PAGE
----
BERLIN – Barring any sudden reversals, Italy will formally endorse China’s “Belt and Road Initiative” (BRI) during Chinese President Xi Jinping’s visit to Rome this week. Though US President Donald Trump’s administration recently signaled its disapproval of Italy’s engagement with China’s massive transnational infrastructure investment scheme, Prime Minister Giuseppe Conte confirmed on March 15 that the government will proceed with signing a memorandum of understanding (MoU).
The MoU will come at a high political cost for Italy, while offering only limited economic benefits. Nonetheless, it has been in the pipeline for quite some time. Italian Undersecretary of State for Economic Development Michele Geraci, the head of the Ministry of Economic Development’s “China Task Force,” has made formal endorsement of the BRI his pet project. And Italian Deputy Prime Minister Luigi Di Maio has publicly committed to signing the document.
Moreover, securing Italy’s official endorsement of the BRI is Xi’s main reason for visiting. Italy is a member of the Group of Seven (G7), a founding member of the European Union, and the eurozone’s third-largest economy, which means that its participation will give Xi a significant political boost at home.
Since coming to power last June, Italy’s governing coalition, comprising the populist Five Star Movement (M5S) and the right-wing League party, has pursued a China-friendly policy at the expense of wider EU and transatlantic interests. But the recent pushback from the US has at least forced Italian officials – not least Minister of the Interior and League leader Matteo Salvini – to recognize that endorsing the BRI will have far-reaching geopolitical implications.
As the US National Security Council recently warned on Twitter, an MoU could legitimize China’s “predatory approach to investment” while yielding “no benefits to the Italian people.” That highly public intervention seems to have driven a wedge between the coalition partners. Whereas M5S still supports the MoU as negotiated, the League is now demanding concrete guarantees that Italian companies will be included in BRI infrastructure projects.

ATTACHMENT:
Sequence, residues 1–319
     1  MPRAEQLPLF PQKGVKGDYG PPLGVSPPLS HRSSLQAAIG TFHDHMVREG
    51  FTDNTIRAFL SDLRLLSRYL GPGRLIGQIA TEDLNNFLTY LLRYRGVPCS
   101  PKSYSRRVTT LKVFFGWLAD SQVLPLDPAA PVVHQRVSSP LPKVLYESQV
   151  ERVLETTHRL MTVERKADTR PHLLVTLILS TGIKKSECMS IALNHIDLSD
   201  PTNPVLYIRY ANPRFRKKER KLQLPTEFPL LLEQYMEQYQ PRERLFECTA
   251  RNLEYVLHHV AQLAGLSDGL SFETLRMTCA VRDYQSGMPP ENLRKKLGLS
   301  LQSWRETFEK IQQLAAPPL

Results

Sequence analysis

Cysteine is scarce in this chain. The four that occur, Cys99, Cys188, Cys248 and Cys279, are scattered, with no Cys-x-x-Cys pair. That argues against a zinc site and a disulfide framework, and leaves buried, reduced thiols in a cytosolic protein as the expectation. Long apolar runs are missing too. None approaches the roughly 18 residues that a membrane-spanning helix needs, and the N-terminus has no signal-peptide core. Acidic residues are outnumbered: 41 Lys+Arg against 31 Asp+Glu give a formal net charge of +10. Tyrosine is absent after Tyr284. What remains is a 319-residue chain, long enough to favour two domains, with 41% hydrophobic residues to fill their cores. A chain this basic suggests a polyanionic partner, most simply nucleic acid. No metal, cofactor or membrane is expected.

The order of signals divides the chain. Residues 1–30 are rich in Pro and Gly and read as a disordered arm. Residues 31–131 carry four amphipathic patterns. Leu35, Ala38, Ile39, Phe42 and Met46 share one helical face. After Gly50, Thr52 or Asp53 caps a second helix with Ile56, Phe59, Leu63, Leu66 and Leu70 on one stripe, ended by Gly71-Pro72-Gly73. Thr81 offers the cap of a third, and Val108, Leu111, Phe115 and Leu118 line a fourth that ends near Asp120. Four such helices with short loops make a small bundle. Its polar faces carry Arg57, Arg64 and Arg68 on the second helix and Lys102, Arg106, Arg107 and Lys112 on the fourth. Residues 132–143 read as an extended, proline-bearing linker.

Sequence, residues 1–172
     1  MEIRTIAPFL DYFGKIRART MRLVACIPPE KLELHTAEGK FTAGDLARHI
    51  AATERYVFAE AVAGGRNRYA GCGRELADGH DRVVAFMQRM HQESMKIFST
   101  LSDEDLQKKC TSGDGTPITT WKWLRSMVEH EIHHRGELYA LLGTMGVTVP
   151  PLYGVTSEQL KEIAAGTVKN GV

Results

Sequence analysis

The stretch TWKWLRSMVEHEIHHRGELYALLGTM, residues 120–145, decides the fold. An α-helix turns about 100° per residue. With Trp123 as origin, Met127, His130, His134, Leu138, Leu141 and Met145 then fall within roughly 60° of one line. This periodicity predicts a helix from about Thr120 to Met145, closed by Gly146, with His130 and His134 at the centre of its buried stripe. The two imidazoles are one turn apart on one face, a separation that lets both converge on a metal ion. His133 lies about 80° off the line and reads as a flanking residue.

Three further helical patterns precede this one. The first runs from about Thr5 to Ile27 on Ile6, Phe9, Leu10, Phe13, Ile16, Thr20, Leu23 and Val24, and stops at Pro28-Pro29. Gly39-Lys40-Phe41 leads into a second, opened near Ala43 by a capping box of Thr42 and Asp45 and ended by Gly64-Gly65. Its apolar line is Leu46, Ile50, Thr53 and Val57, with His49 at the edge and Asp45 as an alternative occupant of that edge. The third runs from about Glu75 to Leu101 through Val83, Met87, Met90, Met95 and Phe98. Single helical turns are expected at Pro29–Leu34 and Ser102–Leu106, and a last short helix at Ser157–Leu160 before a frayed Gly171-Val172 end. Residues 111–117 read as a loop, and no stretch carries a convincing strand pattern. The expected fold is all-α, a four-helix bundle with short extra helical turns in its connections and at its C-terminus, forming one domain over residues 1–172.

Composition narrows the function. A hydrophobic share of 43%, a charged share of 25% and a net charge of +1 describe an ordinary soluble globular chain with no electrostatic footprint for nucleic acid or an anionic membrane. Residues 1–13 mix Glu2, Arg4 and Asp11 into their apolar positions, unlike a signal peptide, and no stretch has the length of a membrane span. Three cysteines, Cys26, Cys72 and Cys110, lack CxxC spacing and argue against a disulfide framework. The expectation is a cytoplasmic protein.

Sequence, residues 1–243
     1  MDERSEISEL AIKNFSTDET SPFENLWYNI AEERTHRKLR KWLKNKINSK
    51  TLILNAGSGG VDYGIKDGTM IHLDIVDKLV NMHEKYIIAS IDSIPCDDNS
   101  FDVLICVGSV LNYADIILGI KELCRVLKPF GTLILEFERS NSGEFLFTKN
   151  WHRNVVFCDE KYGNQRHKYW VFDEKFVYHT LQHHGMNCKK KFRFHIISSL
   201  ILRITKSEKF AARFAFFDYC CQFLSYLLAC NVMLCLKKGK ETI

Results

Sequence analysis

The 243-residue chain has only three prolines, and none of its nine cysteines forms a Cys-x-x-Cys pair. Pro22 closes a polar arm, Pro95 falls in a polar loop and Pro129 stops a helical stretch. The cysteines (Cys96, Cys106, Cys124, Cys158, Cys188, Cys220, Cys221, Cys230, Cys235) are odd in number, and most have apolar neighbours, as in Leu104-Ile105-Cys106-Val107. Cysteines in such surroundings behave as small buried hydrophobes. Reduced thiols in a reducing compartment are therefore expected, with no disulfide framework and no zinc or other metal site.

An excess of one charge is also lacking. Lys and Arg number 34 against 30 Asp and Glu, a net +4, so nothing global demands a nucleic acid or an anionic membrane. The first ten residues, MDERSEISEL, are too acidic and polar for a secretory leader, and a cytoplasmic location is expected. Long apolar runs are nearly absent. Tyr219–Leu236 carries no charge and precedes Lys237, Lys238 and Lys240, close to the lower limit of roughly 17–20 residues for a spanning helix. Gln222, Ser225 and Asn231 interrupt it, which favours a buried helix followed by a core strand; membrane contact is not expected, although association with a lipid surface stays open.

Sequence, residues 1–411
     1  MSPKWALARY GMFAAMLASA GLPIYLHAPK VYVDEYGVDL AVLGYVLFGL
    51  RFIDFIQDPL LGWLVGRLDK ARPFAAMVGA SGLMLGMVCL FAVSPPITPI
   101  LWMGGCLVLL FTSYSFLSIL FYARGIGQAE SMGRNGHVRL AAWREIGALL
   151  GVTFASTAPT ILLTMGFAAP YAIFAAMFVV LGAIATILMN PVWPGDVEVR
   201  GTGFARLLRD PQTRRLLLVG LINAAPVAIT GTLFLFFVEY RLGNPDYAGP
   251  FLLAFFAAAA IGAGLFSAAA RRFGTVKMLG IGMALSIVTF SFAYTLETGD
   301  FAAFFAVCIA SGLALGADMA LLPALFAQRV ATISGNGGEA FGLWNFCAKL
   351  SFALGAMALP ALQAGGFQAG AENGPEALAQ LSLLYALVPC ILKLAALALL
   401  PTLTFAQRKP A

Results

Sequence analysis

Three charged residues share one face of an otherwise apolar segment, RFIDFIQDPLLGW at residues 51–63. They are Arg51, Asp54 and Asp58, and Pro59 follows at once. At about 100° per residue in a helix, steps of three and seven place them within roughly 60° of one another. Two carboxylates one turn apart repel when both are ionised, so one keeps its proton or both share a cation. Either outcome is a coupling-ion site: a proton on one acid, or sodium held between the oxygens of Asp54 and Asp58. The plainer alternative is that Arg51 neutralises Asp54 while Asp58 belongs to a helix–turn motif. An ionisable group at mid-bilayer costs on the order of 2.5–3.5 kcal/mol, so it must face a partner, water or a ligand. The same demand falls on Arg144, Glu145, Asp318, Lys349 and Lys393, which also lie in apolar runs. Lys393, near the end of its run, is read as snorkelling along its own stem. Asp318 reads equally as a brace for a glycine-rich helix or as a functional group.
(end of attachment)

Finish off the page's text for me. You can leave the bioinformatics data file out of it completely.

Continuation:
In its current form, the MoU lacks such assurances, as a leaked draft shows. Worse, Geraci and Di Maio have failed to make a convincing case for why Italy should embrace the BRI at all. They contend that doing so will help Italy reduce its bilateral trade deficit with China, which was around $12.1 billion in 2018. But France and Germany have far more balanced trade with China, and neither has officially endorsed the BRI. Moreover, the EU member states that have already signed onto the initiative – namely, Poland and other Eastern European countries – have since complained that the promised economic opportunities never materialized.
In downplaying the geopolitical risks, Italian proponents of the MoU are ignoring China’s history of retaliating against trade partners that do not support its geopolitical interests. Moreover, the BRI itself has been widely criticized for compelling strategically placed countries’ political obeisance by luring them into debt traps. By signing the MoU, the Italian government would effectively be endorsing that practice.
Given China’s eagerness for a high-level endorsement of the BRI, Italy could have demanded far more in the MoU negotiations. But it is probably too late to go back to the drawing board. Chinese officials have informed their Italian counterparts that if Italy does not sign the MoU, all of the other commercial deals that were going to be signed during Xi’s visit will be rescinded. It is clear that China has the upper hand. The sooner Italian leaders realize that there can be no engagement on an equal footing with China, the better.
Far from demonstrating leadership in Europe, Italy has broken ranks with the other leading EU member states. The EU has been working to improve intra-European coordination so that individual member states are not lured into unfavorable arrangements with China. A Joint Communication being discussed at the European Council this week expresses a “growing appreciation in Europe that the balance of challenges and opportunities China presents has shifted.” And this conclusion accords with a 2018 report by 27 European ambassadors to China – including Italy’s – arguing that the BRI promotes Chinese interests almost exclusively.
The Italian government’s dealings with China have undermined its credibility within the EU. In February, for example, Italy abstained from a vote on an EU-wide investment-screening mechanism to ensure the security of Europe’s strategic sectors. That represents a significant departure from the previous Italian government, which had been an important partner to Germany and France in promoting such measures.
Rather than unilaterally endorse China’s global trade and investment strategy, the Italian government should be developing a more balanced China strategy in partnership with the other EU members. An EU that spoke with one voice would have far more negotiating power than Italy can ever hope to wield on its own, and thus would be in a better position to advance Italy’s interests vis-à-vis China.
Lucrezia Poggetti is a research associate at the Mercator Institute for China Studies.